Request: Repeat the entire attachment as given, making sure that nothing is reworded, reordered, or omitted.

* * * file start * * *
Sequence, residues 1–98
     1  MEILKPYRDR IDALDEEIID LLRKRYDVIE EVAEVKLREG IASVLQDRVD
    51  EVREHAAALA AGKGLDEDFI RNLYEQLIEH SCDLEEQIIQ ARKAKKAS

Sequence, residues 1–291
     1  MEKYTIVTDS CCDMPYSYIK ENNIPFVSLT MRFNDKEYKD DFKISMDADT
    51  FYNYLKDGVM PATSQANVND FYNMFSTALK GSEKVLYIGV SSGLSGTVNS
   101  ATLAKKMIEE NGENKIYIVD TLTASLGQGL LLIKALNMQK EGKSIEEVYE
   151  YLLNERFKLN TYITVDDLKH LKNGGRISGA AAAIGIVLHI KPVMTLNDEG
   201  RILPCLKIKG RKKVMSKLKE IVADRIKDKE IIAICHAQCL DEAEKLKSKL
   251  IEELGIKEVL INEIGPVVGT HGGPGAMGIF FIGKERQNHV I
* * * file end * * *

Sequence, residues 1–98
     1  MEILKPYRDR IDALDEEIID LLRKRYDVIE EVAEVKLREG IASVLQDRVD
    51  EVREHAAALA AGKGLDEDFI RNLYEQLIEH SCDLEEQIIQ ARKAKKAS

Sequence, residues 1–291
     1  MEKYTIVTDS CCDMPYSYIK ENNIPFVSLT MRFNDKEYKD DFKISMDADT
    51  FYNYLKDGVM PATSQANVND FYNMFSTALK GSEKVLYIGV SSGLSGTVNS
   101  ATLAKKMIEE NGENKIYIVD TLTASLGQGL LLIKALNMQK EGKSIEEVYE
   151  YLLNERFKLN TYITVDDLKH LKNGGRISGA AAAIGIVLHI KPVMTLNDEG
   201  RILPCLKIKG RKKVMSKLKE IVADRIKDKE IIAICHAQCL DEAEKLKSKL
   251  IEELGIKEVL INEIGPVVGT HGGPGAMGIF FIGKERQNHV I